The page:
June 21, 2019 by The Citron Review
One of my favorite things about Citron’s poetry is its range and the diversity of voices therein—and that a Citron issue—as well as a Citron poem— has a voice, and the voices have voice. Sometimes I get asked what kinds of poems does Citron accept, or what does Citron look for in a typical submission. My answer, this time, is the kind of poems in our summer issue. There is snow in our summer issue, and not to be contrarian. There is humor, terminal cancer, and levity. There is an examination of technology and subsequent transformation rarely seen in contemporary poetics. There is the perspective of a young girl, smart, and adept at mayhem. There is the true story of Albanian sworn virgins. There is the work of famed sculptor Alexander Calder, with the real exhibit being the passing of a relationship. Somehow, and the quality of the work notwithstanding (the poems are stunning), it all works together. These poems remind me of the value of the humanities and of poetry: to provide perspective on the human experience, and in the case of poetry, though a careful calibration of language, syntax, and craft so that we forget we are reading a poem at all, and our suspension of disbelief needs no tug to pull us into that space of forgetting time.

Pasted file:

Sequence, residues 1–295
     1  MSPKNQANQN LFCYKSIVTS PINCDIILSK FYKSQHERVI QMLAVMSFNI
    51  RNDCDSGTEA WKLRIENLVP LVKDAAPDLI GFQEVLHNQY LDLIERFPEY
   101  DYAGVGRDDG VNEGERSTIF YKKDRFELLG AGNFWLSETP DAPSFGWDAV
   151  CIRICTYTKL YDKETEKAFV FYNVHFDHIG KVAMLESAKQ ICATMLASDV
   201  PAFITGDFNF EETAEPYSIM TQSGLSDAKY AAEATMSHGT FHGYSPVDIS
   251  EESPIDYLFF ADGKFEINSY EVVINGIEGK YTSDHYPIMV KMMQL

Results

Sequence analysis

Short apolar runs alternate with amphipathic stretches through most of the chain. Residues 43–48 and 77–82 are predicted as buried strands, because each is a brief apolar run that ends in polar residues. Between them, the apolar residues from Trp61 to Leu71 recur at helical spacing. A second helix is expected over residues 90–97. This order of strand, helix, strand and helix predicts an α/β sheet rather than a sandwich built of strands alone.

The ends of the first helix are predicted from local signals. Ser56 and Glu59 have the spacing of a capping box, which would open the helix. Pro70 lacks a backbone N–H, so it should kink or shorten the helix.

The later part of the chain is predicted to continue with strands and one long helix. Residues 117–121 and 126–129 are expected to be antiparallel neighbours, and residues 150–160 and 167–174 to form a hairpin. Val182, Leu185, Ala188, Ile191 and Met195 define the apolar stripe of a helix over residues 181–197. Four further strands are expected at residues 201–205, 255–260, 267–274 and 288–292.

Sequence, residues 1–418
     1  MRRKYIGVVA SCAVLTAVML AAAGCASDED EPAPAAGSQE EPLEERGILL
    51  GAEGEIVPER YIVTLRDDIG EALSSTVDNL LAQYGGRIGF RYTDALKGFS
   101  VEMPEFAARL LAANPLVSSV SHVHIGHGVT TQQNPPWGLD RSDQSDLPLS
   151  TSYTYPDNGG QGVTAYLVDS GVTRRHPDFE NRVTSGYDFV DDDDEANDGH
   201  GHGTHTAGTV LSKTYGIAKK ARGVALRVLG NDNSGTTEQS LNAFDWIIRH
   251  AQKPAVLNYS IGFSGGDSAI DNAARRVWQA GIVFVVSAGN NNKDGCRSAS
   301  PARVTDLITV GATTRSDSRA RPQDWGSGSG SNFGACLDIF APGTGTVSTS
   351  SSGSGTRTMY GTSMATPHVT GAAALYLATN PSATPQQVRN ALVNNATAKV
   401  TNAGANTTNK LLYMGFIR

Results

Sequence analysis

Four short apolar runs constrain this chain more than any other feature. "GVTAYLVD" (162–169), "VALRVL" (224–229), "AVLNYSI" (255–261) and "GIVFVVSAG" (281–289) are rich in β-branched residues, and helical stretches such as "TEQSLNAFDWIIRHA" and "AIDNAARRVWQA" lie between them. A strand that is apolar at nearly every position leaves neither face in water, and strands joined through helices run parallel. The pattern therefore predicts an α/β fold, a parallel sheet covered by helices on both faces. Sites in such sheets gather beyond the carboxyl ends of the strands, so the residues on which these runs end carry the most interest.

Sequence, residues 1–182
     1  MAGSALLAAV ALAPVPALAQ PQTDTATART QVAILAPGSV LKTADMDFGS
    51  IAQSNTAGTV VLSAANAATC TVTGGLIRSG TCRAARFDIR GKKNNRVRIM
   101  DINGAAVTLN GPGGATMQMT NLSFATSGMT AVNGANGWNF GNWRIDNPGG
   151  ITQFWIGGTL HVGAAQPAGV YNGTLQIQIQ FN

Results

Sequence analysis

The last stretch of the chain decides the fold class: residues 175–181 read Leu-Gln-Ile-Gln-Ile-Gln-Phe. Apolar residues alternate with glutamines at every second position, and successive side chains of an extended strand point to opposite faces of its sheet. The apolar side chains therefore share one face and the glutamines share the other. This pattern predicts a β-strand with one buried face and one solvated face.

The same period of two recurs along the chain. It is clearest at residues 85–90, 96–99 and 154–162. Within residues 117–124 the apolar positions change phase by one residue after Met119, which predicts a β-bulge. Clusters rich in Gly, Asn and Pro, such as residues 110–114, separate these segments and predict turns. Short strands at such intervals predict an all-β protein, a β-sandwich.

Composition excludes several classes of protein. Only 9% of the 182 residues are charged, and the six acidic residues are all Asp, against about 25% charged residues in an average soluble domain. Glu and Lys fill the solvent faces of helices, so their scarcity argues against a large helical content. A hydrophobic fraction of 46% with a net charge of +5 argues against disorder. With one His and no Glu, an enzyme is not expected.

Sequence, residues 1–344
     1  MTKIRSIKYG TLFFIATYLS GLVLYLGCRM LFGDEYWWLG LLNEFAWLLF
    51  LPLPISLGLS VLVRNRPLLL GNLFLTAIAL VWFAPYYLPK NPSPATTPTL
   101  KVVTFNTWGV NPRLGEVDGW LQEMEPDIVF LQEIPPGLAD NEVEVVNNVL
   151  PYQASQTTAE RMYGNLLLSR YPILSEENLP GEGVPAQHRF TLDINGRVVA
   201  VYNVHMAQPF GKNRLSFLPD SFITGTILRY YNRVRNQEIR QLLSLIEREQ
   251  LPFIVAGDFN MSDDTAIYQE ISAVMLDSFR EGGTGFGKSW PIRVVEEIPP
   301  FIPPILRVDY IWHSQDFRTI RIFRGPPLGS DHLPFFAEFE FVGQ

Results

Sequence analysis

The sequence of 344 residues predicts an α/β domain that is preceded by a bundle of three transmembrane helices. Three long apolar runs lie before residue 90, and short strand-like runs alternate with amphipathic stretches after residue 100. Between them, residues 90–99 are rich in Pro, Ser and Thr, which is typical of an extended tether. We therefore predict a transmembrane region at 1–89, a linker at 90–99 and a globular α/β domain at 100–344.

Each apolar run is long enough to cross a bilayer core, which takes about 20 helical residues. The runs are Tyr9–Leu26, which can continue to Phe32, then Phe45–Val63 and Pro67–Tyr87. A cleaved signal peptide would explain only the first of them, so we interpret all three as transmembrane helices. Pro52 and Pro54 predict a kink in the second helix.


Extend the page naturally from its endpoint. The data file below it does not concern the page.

I hope you’ll carve out some to sit with the poems and the prose (creative nonfiction/fiction). I’m proud to work with such talented writers and editors, and I think the work that is featured in Citron invites a second read.
Managing Editor and
Senior Poetry Editor
The Citron Review